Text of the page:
A Golden Dome opportunity missed

A pall will hang over commencement at the University of Notre Dame this year — the pall of a great opportunity missed. Temporarily, one must hope.

Notre Dame’s new president, Father John Jenkins, C.S.C., got off to a brilliant start this past fall, with an inaugural address that located Notre Dame solidly within the ancient tradition of Catholic higher learning. Father Jenkins then led a pilgrimage to Rome, an act that embodied a key plank in the reformist platform announced in his inaugural address: to “think with the Church” means both to think and to think “with the Church.” Then, in April, things changed, dramatically and for the worse. After a campus wide debate, Father Jenkins announced that “the creative contextualization of a play like ‘The Vagina Monologues’ can bring certain perspectives on important issues into a constructive and fruitful dialogue with the Catholic tradition.” Therefore, Father Jenkins decreed, the V-Monologues could continue to be produced on campus.

It was difficult, bordering on impossible, not to read Father Jenkins’ decision as a surrender to the most corrosive forces eating away at the vitals of Catholic higher education.

That view is shared by numerous Notre Dame faculty, among whom Father Wilson Miscamble, C.S.C., stands tall, literally, intellectually, and spiritually. In a public letter to his brother Holy Cross priest, Father Miscamble told Father Jenkins that “your decision is being portrayed as involving your ‘backing down,’” in part because of an untoward deference to “the convictions of certain senior Arts and Letters faculty that any restriction on this play would damage our academic ‘reputation’ — and especially among those ‘preferred peer schools’ whose regard we crave.” “Indeed,” Miscamble continued, “it is hard to understand [your decision] in any other terms.”

Then Father Miscamble got down to cases: “In your recent…statement you reveal a level of naivete about the process of a Catholic university engaging the broad culture that is striking and deeply harmful to our purpose as a Catholic university. We live at a time, as Yale Law School professor Stephen Carter pointed out some years ago, when the elite culture is programmed to trivialize religion. Further more, much of popular culture is deeply antithetical to religious conviction and practice. It offers a worldview completely at odds with any Catholic vision. It is a worldview from which none of us can be sequestered and, indeed, many of our students arrive here far more influenced by the reigning culture than by faith convictions.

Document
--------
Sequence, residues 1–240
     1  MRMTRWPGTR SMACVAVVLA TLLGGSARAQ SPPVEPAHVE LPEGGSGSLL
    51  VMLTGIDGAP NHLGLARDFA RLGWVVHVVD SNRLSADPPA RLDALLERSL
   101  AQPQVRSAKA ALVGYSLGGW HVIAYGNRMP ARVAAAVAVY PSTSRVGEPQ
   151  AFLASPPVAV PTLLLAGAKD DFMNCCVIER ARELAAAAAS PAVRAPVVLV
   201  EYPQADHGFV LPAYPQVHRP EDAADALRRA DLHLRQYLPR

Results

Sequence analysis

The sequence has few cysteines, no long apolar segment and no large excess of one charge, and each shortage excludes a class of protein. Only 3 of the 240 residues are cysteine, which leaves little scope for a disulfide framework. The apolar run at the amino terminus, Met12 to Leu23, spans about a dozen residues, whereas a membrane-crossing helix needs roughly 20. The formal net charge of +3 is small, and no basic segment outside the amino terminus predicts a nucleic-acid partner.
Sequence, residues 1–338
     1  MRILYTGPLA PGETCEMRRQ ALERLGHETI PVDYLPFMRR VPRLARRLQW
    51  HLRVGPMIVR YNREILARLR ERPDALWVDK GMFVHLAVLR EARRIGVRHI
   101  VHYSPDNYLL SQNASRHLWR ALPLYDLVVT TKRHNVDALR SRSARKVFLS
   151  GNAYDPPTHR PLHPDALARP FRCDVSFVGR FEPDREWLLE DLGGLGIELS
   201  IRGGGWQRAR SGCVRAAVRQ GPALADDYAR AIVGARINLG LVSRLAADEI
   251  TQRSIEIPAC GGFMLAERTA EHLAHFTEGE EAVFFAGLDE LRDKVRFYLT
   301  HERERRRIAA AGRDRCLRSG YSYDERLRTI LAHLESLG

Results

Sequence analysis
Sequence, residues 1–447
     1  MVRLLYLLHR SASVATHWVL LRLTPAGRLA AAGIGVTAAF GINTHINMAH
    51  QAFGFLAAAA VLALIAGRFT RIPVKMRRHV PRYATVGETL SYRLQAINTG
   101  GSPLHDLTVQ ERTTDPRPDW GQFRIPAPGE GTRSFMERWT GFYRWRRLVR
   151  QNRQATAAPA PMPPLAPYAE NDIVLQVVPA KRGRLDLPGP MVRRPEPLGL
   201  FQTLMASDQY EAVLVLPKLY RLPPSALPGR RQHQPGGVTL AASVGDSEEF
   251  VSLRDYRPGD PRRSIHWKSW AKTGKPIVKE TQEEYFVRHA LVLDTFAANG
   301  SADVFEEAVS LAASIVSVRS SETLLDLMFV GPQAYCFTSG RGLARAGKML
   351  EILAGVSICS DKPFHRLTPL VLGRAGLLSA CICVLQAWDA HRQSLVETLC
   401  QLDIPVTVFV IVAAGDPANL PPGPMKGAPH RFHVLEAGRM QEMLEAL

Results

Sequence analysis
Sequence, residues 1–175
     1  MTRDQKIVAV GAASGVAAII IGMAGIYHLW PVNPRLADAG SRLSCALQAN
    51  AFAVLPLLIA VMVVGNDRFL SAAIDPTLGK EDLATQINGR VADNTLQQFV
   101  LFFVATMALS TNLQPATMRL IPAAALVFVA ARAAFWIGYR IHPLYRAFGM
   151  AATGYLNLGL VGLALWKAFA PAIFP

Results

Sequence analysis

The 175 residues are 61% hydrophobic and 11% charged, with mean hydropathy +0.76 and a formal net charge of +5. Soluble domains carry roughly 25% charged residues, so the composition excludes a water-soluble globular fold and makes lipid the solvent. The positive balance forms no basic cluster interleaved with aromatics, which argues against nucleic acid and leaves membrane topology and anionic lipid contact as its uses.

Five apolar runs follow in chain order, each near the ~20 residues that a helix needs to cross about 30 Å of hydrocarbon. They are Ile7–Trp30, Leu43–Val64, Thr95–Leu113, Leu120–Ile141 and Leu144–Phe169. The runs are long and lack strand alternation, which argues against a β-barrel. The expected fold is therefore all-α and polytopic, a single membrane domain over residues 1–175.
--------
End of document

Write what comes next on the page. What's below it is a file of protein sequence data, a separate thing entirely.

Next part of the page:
“Amidst this larger context you are to permit the continued production and promotion of a play which, as our colleague Paolo Carozza rightly puts it, ‘seems to reduce the meaning and value of women’s lives to their sexual experiences and organs, reinforcing a perspective on the human person that is itself fundamentally a form of violence.’ Dialogue with this point of view is ridiculous. It should be contested and resisted at Notre Dame but never promoted. Notre Dame must hold to a higher view of the dignity of women and men. Might I ask that if this play does not meet your criteria of an ‘expression that is overt and insistent in its contempt for the values and sensibilities of the University,’ then what would?”

Father Miscamble ends by asking his brother priest to “go back to your best self and to your original instincts and position on this matter. Don’t embarrass those of us who want to work with you to build a great Catholic university. Lead us.”

Anyone who cares about the flagship university of Catholic higher education in America must pray that Father Miscamble’s plea is heard by Father Jenkins, a man who has shown courage in the past. The V-Monologues is trashy, pornographic nonsense, like a lot of other stuff available in the movies and on cable-TV. A great university can’t monitor what its students watch on TV or in theaters. But it can teach them about stupidity. The V-Monologues are stupid, and one of the things a great Catholic university ought to teach its students is to avoid the stupid. It can’t do that by the “creative contextualization” of stupidity.

COMING UP: On Fathers and Christian Masculinity